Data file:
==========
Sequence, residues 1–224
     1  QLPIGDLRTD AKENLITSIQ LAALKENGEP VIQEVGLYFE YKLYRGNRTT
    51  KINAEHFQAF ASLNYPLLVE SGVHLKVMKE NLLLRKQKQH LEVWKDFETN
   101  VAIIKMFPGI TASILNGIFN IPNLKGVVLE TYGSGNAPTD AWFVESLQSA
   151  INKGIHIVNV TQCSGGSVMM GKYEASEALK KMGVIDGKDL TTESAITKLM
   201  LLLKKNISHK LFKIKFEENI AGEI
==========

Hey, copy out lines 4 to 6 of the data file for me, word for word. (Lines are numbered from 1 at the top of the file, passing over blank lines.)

   101  VAIIKMFPGI TASILNGIFN IPNLKGVVLE TYGSGNAPTD AWFVESLQSA
   151  INKGIHIVNV TQCSGGSVMM GKYEASEALK KMGVIDGKDL TTESAITKLM
   201  LLLKKNISHK LFKIKFEENI AGEI